The Miami Herald
Mon, Apr. 28, 2003

U.S.-Argentina relations may be key election issue

  Knight Ridder Newspapers

  BUENOS AIRES, Argentina - Argentina's future relations with the United States will be a hot topic in coming weeks between presidential runoff rivals with
  sharply different views on the subject.

  Former President Carlos S. Menem, who led Argentina from 1989 to 1999, was a loyal ally and Bush family friend who championed U.S.-backed free-market
  reforms that spread throughout Latin America in the 1990s. He narrowly placed first in Sunday's presidential elections, and will face provincial Gov. Nestor
  Kirchner in a runoff May 18.

  Kirchner blames Menem's free-market policies, corruption during the sale of state businesses and runaway debt for wrecking Argentina's economy after he
  left office, and charges that Menem embraced pro-U.S. policies at the expense of relations with key neighbors such as Brazil.

  Both finalists are members of the storied but troubled Peronist Party, but Menem's pro-U.S. views aren't widely shared by his party or by the general

  Opinion polls throughout Latin America show growing anti-Americanism, partly because the economic reforms of the 1990s did little to improve life for the
  masses. But in Argentina, the polls suggest that citizens also reject closer foreign policy ties to the United States.

  In a Gallup poll published Feb. 3, 9 out of 10 Argentines opposed their country's participation in the coalition that invaded Iraq. Twelve years earlier, under
  Menem, Argentina sent a token force to join the U.S.-led coalition that drove Saddam Hussein's troops back out of Kuwait.

  Felipe Noguera, an Argentine political consultant, said Menem looks "at Argentina as part of the world, recognizing the U.S. leadership in the world and the
  fact that it would be a good idea to be on good terms with the U.S." Kirchner, he said, favors a return to past Argentine nationalist policies that favor a
  state hand in the economy, government work programs and a view that "we need to close down and look within."

  Menem welcomes a U.S.-proposed free-trade agreement for all of the Americas by 2005. Kirchner is willing to anger Washington by giving priority to forging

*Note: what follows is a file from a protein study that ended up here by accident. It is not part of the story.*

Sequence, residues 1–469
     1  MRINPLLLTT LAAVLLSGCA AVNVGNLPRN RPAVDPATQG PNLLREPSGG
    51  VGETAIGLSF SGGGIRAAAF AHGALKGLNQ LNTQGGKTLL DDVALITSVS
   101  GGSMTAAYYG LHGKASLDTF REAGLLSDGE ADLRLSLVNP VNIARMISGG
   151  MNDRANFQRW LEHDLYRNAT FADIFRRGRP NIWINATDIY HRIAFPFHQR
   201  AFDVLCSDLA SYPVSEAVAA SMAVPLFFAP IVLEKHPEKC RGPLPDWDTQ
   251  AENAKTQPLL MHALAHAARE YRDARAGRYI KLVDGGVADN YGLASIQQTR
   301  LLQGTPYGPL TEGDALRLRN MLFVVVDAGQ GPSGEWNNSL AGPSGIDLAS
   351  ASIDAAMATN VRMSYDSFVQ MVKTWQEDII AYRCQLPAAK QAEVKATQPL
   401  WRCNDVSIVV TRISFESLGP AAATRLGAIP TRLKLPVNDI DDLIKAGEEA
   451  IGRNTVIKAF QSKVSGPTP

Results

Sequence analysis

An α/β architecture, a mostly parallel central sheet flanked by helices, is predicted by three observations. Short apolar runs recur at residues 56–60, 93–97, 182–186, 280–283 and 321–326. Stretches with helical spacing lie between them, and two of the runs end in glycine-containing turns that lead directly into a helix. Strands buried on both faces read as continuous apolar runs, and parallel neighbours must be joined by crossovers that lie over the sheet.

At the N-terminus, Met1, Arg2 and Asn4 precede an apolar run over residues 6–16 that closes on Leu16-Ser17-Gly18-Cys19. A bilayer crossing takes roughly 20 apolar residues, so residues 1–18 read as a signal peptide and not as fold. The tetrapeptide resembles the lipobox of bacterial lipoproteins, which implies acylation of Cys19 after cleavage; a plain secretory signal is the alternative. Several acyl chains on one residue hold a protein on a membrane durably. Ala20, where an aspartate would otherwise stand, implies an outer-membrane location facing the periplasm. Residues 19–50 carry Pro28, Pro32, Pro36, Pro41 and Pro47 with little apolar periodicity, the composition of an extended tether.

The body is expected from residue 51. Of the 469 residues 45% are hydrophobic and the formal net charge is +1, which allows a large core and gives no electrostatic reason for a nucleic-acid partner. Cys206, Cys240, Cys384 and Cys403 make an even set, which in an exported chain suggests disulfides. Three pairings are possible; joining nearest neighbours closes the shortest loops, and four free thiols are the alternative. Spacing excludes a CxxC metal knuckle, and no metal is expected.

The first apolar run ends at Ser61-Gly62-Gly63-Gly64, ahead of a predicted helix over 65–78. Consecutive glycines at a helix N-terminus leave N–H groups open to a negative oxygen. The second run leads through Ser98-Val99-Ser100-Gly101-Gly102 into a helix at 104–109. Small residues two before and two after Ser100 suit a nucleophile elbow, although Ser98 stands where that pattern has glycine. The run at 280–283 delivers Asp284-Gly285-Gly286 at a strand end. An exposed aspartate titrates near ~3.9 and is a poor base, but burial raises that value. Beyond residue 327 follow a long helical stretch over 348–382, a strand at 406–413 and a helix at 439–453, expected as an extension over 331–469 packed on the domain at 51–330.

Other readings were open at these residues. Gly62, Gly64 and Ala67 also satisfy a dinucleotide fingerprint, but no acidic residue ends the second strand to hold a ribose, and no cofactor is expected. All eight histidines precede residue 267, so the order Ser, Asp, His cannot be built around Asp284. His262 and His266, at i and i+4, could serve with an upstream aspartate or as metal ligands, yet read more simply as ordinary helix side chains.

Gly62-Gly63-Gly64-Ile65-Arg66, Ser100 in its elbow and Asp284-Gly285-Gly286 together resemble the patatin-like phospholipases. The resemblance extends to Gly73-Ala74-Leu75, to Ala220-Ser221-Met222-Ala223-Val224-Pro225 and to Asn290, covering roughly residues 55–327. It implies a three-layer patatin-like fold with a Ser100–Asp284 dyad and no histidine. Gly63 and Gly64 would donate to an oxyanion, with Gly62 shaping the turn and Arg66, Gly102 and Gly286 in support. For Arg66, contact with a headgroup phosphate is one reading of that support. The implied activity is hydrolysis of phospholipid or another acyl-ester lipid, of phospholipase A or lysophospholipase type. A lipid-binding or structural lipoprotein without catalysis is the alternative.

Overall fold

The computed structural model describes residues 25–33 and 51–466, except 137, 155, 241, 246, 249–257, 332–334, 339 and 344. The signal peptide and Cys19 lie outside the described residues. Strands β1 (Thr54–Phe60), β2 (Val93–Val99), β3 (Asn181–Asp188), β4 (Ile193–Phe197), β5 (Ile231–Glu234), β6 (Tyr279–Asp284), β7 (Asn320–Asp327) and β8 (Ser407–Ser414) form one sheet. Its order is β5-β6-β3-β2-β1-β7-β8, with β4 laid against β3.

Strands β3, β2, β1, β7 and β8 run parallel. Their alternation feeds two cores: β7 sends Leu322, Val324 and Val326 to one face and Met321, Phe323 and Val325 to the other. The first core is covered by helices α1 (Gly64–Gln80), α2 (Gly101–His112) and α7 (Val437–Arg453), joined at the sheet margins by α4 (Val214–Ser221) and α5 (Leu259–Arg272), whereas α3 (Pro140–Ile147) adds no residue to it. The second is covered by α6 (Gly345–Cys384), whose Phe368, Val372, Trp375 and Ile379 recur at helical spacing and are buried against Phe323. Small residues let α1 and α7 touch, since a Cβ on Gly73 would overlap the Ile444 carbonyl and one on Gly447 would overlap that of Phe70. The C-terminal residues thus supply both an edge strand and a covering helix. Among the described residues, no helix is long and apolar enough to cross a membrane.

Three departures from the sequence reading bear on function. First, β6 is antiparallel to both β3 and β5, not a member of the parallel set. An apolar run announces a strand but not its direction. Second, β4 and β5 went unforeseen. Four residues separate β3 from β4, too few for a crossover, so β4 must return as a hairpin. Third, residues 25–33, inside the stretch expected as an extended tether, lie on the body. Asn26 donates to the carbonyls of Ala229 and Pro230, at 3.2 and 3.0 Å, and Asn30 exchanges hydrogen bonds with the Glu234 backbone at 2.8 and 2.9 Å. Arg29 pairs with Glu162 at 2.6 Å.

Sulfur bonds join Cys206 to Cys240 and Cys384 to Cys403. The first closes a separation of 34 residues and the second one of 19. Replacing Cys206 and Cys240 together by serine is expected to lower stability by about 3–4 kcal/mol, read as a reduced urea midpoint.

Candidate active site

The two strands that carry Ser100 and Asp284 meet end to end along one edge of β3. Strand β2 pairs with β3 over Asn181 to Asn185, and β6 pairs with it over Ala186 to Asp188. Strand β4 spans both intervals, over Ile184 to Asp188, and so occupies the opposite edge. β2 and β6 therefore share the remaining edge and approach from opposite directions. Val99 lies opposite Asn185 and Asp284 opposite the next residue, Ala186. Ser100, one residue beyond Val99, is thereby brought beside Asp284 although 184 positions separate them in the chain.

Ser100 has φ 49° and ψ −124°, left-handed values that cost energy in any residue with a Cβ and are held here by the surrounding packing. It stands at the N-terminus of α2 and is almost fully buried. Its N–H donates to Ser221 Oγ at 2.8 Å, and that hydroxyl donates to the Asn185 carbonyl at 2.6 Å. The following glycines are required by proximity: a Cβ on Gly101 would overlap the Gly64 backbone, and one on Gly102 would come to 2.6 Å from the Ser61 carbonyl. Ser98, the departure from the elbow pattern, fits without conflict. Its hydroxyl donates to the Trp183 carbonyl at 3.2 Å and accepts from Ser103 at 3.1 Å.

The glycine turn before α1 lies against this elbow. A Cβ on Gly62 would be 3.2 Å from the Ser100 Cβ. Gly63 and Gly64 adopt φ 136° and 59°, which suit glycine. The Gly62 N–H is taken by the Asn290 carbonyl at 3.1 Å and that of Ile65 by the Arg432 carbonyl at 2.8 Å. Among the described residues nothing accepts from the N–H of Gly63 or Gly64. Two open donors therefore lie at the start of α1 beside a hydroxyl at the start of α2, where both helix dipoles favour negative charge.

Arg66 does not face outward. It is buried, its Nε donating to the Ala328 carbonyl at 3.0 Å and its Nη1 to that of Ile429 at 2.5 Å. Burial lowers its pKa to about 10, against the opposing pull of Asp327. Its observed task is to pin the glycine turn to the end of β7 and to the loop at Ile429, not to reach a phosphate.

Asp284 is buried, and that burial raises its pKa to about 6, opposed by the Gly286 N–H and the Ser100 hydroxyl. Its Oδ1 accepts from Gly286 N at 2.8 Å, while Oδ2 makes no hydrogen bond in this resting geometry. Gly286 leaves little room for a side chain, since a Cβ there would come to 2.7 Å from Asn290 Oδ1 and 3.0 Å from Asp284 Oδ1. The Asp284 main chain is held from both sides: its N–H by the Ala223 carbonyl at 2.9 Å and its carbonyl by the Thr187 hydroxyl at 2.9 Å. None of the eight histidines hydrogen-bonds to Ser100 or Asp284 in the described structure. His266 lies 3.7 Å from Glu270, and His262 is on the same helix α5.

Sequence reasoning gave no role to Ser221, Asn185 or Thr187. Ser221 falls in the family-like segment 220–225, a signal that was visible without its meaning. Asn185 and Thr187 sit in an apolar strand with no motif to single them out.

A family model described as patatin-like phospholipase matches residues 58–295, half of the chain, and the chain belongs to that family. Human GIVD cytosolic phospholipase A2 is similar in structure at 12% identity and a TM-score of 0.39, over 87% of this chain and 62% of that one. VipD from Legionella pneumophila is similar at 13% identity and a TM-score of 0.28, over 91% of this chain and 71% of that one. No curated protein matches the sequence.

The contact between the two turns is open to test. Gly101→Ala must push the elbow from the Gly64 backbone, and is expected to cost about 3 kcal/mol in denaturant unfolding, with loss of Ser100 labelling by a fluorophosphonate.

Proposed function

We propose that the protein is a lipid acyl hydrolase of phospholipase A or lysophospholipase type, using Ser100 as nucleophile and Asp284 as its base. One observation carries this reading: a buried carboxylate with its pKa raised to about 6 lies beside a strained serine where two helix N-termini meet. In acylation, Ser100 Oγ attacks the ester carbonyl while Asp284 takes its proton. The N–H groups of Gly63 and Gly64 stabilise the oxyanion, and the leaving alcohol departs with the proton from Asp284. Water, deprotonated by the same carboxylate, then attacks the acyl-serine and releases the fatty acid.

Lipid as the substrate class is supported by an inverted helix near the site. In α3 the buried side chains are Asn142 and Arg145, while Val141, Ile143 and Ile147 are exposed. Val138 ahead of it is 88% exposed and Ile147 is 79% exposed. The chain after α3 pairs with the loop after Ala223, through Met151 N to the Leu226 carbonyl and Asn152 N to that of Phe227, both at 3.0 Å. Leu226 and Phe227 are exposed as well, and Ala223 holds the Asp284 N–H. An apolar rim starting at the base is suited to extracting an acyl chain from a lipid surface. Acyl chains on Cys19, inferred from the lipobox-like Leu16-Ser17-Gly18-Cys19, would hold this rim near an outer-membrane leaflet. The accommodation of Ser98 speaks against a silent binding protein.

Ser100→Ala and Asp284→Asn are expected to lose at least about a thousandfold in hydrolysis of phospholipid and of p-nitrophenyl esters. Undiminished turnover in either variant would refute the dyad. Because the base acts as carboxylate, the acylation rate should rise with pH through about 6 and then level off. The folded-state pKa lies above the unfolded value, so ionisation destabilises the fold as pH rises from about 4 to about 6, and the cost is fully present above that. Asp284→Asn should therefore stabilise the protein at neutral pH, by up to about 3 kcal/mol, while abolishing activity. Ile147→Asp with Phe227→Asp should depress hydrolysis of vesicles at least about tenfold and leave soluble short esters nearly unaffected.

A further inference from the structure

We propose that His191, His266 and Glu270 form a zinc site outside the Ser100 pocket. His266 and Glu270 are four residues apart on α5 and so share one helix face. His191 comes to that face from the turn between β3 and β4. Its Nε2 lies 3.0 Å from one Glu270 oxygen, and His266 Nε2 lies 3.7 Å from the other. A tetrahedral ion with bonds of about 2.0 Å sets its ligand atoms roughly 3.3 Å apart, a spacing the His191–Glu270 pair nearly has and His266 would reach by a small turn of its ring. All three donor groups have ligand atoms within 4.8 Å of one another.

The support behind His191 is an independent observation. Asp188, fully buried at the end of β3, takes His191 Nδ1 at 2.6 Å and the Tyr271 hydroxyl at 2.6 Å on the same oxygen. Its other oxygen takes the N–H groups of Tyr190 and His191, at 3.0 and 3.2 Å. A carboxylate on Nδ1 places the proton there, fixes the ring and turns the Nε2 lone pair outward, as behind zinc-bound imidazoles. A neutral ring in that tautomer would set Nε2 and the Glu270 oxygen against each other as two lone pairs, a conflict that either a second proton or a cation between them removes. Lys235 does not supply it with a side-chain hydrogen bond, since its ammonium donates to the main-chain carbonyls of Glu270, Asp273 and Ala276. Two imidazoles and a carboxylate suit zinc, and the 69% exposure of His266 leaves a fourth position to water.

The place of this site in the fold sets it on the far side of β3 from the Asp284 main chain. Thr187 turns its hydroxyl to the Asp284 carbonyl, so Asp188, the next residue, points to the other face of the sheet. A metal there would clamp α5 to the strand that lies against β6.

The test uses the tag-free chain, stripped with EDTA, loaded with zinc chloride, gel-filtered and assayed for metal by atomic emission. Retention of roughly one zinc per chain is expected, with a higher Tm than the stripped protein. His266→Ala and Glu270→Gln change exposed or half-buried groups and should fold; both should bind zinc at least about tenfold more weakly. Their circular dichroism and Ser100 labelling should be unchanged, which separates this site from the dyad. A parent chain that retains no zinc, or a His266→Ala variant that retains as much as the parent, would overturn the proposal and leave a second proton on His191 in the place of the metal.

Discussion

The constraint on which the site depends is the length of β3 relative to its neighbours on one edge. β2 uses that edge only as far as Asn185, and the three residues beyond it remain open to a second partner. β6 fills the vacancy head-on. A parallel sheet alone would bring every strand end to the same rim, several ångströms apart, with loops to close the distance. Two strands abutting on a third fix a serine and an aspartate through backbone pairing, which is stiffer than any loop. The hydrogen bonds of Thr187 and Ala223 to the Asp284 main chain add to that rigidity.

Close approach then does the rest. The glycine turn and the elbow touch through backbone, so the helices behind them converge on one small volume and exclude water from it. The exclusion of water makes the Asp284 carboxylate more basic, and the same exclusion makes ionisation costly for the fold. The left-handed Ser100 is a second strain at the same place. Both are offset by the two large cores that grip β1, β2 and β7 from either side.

closer ties with Brazil and deepening regional trade in South America.

  Argentina's current caretaker president, Eduardo Duhalde, rebuffed requests to join the U.S.-led "coalition of the willing" in Iraq. A sworn enemy of Menem,
  Duhalde handpicked the little-known Kirchner as his desired successor.

  Kirchner governs the oil-rich but sparsely populated Santa Cruz province in Argentina's far south. He is a political newcomer whose foreign policy views are
  largely unknown.

  Although he has avoided criticizing Washington, he vows to keep the economic team and program put in place by Duhalde, who angered Washington in
  January 2002 by confirming Argentina's plan to default on $151 billion in government debt. Duhalde also devalued the currency and froze citizens' bank
  deposits, forcibly converting dollar savings into pesos at unfavorable rates.

  Most of Argentina's foreign investors and creditors would prefer Menem over Kirchner.

  More recently, Duhalde angered Washington this month by ending Argentina's decade-long support of U.S. condemnation of Cuba's human rights record
  before a special United Nations rights panel. The policy shift, seen as a ploy to win votes for Kirchner from left-leaning voters, came as even Cuba's
  staunchest defenders criticized Cuban President Fidel Castro for jailing dozens of prominent dissidents recently and summarily trying and executing three

  Washington's next ambassador to Argentina, Lino Gutierrez, is a conservative Cuban-American and staunch foe of Castro.

  Menem doesn't hide his desire for Argentina to get back in the United States' good graces despite the political risks. A friend and golfing partner of the
  Bush family, Menem predicted Sunday that when he is returned to office, "Argentina will again be positioned among the 10 or 15 great powers of the

  A century ago Argentina was one of the world's richest nations, but its economy contracted by 12 percent last year and 60 percent of the population now
  lives below the poverty line.